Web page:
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posted by LaminatorX on Tuesday November 18 2014, @08:47AM   Printer-friendly [Skip to comment(s)]
from the Where's-John-Katz? dept.

Every year the works of thousands of authors enter the public domain, but only a small percentage of these end up being widely available. So how do organizations such as Project Gutenberg choose which works to focus on? Allen Riddell has developed an algorithm that automatically generates an independent ranking of notable authors for any given year. It is then a simple task to pick the works to focus on or to spot notable omissions from the past. Riddell’s approach is to look at what kind of public domain content the world has focused on in the past and then use this as a guide to find content that people are likely to focus on in the future.

Riddell’s algorithm begins with the Wikipedia entries of all authors in the English language edition (PDF)—more than a million of them. His algorithm extracts information such as the article length, article age, estimated views per day, time elapsed since last revision, and so on. This produces a “public domain ranking” of all the authors that appear on Wikipedia. For example, the author Virginia Woolf has a ranking of 1,081 out of 1,011,304 while the Italian painter Giuseppe Amisani, who died in the same year as Woolf, has a ranking of 580,363. So Riddell’s new ranking clearly suggests that organizations like Project Guttenberg should focus more on digitizing Woolf’s work than Amisani’s. Of the individuals who died in 1965 and whose work will enter the public domain next January in many parts of the world, the new algorithm picks out TS Eliot as the most highly ranked individual. Others highly ranked include Somerset Maugham, Winston Churchill, and Malcolm X.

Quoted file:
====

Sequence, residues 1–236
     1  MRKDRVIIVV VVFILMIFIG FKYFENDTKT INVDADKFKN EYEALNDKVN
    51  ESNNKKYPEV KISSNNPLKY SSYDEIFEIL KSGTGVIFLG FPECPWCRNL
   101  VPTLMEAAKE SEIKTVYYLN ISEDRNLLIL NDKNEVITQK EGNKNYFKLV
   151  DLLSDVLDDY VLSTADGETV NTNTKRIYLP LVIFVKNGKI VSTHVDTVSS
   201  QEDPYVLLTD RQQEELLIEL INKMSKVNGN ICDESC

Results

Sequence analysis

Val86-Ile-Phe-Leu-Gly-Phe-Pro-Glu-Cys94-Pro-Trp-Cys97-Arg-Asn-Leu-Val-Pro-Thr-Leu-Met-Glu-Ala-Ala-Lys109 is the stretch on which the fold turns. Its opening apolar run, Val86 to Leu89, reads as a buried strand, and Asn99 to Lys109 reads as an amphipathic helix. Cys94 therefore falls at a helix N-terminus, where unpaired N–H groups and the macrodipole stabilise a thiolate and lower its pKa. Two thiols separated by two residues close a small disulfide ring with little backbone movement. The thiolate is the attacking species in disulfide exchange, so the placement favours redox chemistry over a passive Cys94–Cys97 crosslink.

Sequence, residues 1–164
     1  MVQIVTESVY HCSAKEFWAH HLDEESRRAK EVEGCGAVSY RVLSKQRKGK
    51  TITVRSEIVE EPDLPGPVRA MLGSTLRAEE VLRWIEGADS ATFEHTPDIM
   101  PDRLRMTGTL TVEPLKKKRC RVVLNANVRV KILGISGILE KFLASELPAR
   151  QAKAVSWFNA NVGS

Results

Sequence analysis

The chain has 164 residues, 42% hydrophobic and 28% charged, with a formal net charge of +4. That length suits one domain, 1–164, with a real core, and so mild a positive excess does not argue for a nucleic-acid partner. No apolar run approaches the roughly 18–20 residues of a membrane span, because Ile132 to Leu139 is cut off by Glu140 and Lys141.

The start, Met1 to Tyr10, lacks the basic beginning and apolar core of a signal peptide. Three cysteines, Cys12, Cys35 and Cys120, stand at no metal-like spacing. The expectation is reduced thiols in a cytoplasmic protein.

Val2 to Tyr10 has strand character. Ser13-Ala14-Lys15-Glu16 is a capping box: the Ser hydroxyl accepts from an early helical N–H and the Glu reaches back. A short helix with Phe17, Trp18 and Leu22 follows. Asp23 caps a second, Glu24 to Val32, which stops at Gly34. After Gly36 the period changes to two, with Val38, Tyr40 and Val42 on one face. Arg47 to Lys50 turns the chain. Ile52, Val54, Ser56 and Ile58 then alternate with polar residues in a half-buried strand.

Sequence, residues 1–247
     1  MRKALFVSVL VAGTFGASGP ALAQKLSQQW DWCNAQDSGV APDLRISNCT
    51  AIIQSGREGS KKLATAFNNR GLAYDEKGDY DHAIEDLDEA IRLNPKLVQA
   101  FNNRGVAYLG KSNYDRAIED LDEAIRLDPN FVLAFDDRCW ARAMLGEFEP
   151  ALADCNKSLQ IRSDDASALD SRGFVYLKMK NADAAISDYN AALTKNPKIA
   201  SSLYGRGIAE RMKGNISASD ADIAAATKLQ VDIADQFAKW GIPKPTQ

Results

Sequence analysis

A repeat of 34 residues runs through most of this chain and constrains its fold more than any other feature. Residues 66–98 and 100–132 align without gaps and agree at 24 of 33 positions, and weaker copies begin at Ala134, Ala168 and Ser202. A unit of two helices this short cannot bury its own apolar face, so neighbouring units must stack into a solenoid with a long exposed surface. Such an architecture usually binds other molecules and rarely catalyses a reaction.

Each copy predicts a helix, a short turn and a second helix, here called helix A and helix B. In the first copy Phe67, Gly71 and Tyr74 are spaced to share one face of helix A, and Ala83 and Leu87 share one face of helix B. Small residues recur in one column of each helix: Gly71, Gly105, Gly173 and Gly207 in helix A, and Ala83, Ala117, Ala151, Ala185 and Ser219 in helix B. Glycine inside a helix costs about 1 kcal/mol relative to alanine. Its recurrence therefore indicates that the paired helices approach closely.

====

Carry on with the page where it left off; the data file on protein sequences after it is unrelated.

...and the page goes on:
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  • (Score: 2) by stormwyrm on Tuesday November 18 2014, @09:17AM

    by stormwyrm (717) Subscriber Badge on Tuesday November 18 2014, @09:17AM (#117165) Journal

    Alas, this only applies in those countries where the 'life + 70 years' rule applies. This of course doesn't include the United States, where they have works published between 1923 to 1978 having 95 years from date of publication. The Life + 70 rule only applies to works published after 1978. Meaning "Steamboat Willie" should enter the Public Domain in 2018, but I'm pretty damn sure that Disney and their compatriots are even today hard at work lobbying for yet another copyright term extension law that will maintain the 1923 event horizon for another few decades. Eldred v. Ashcroft [wikipedia.org] failed to stop this nonsense, sadly.

    --
    Numquam ponenda est pluralitas sine necessitate.
    • (Score: 0) by Anonymous Coward on Tuesday November 18 2014, @10:39PM

      by Anonymous Coward on Tuesday November 18 2014, @10:39PM (#117433)

      The Sono Bono Copyright Act doesn't extend copyright forever, it extends it for a finite time. I don't doubt that Disney will press for yet another extension, but for copyright not to last for "a limited time" would be plainly unconstitutional. But you know, 10,000 years is "a limited time".

      So what we actually have is that US works do enter the public, however they are older works than those which enter the public domain in other parts of the world.

      • (Score: 0) by Anonymous Coward on Wednesday November 19 2014, @12:14AM

        by Anonymous Coward on Wednesday November 19 2014, @12:14AM (#117460)